Bacteria discharged to the oceans in sewage and wastewater thrive on the biofilms that form on plastic waste. This may be leading to the somewhat unanticipated problem of antimicrobial resistance.
The prevailing opinion is that Europe built a common fortress to keep people from outside the EU/EEA out. But is this true?
New research could lead to better weather forecasts and climate models.
Is it only farmed fish that are responsible for spreading salmon lice larvae? Or is it also possible that wild salmon can infect farmed fish? This is what researchers will be trying to find out.
From just one screen, SINTEF engineers are now able to run trials using a digital twin of a real production facility. They will soon be able to see whether planned changes have the desired effect.
The discovery of what may be Mjøsa’s oldest known shipwreck to date drew international attention just before last Christmas. The researchers have now secured a video of “Storfjorden I.”
Haulage truck and fuel manufacturers have joined forces with researchers to make heavy transport across Europe more climate-friendly. And all thanks to having SINTEF ‘behind the wheel’.
For the first time ever, researchers have been able to track eight fin whales in near real time for five hours, as they swam along a stretch of fibre-optic cable line in the Arctic. The breakthrough suggests that fibre-optic cable networks could be harnessed to help prevent whale deaths by ship strikes.
Direct Air Capture (DAC) technologies offer new opportunities for getting closer to our climate change mitigation targets. However, we still have a long way to go before DAC can be fully rolled out as a mitigation measure.
A radioactive tracer is being tested for the first time in Norway at St. Olavs Hospital and NTNU. The goal is to improve the detection of dementia diseases.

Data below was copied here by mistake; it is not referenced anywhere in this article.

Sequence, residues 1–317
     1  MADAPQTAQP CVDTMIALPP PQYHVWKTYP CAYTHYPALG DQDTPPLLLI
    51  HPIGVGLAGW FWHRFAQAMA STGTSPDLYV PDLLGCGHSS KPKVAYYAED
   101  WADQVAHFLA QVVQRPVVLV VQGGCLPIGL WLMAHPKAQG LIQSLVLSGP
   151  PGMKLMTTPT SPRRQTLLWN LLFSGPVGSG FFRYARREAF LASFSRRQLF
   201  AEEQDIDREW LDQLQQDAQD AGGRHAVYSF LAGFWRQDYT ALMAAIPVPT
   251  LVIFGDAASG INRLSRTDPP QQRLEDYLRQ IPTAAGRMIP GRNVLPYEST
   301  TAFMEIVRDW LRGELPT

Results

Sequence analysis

An NTNU professor has been awarded an ERC Advanced Grant to investigate how species can survive a changing environment.
As consumers, we have all from time to time experienced buying faulty items, whether they be smart phones, washing machines or cars. Researchers now believe that this is a thing of the past.
At least six million people have died from COVID-19 to date. But who dies is often not random. The same pattern is found around the world.
The Kavli Institute for Systems Neuroscience has won a grant to share its groundbreaking miniature brain microscope with researchers across the globe.
The total contribution to wealth creation from the Norwegian marine fishing fleet in 2021 was NOK 32.8 billion, including ripple effects.
The fisheries and aquaculture sectors are major users of plastics. A research project has recently been launched to investigate how these plastics can be recycled and made into new products.
Researchers are currently working to improve the recycling system for agricultural plastics. Their aim is that more plastic shall be recovered and recycling made simpler and more effective.
The Arctic Pearl is setting course for the Barents Sea in search of the shellfish delicacy Iceland scallop. It is the first and only vessel of its kind, crammed with new technology that may herald the start of a new era in bottom fishing.
How does the chain of suppliers impact on a company’s climate footprint? This is a key question and, according to a recently established entrepreneur in the field, Norwegian know-how stands ready to offer the world the answer.
Lena van Giesen, an associate professor at NTNU’s Department of Biology, was awarded EUR 1.7 million by the European Research Council (ERC) to study larval development of the coral Lophelia pertusa as well as its environment.
Research scientist Trine Moholdt at the Norwegian University of Science and Technology (NTNU) has been awarded an ERC Starting Grant from the European Research Council (ERC). She will study how exercise impacts breast milk composition.
During the next three years, a team of researchers will be developing a system designed to protect floating solar farms in the harshest ocean environments.
Not only are they high above us – they also offer us great benefits. From SINTEF’s new solar panel laboratory, you can see all across the city of Trondheim. Here, conditions are optimal for research into solar panel performance at Nordic latitudes.
How to know whether building materials are fit for reuse? A new guide can tell.